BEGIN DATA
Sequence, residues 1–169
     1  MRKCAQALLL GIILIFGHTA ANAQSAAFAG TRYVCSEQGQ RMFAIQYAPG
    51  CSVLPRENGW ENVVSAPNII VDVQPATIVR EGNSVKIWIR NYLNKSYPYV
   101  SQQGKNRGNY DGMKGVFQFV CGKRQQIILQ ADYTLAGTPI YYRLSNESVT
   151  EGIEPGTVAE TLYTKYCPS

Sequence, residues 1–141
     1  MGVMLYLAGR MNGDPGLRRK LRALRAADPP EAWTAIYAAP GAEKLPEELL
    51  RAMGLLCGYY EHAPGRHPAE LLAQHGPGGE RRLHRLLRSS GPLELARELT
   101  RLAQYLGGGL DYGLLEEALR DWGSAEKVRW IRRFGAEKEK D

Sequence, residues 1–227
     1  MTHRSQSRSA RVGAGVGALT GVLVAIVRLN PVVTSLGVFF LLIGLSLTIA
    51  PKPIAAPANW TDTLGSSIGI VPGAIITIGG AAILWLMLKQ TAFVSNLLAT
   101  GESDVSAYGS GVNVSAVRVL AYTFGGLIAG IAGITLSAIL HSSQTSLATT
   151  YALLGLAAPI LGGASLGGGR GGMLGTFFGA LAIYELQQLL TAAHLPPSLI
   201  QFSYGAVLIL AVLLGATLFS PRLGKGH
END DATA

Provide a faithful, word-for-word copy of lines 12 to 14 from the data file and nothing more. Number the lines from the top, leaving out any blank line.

    51  PKPIAAPANW TDTLGSSIGI VPGAIITIGG AAILWLMLKQ TAFVSNLLAT
   101  GESDVSAYGS GVNVSAVRVL AYTFGGLIAG IAGITLSAIL HSSQTSLATT
   151  YALLGLAAPI LGGASLGGGR GGMLGTFFGA LAIYELQQLL TAAHLPPSLI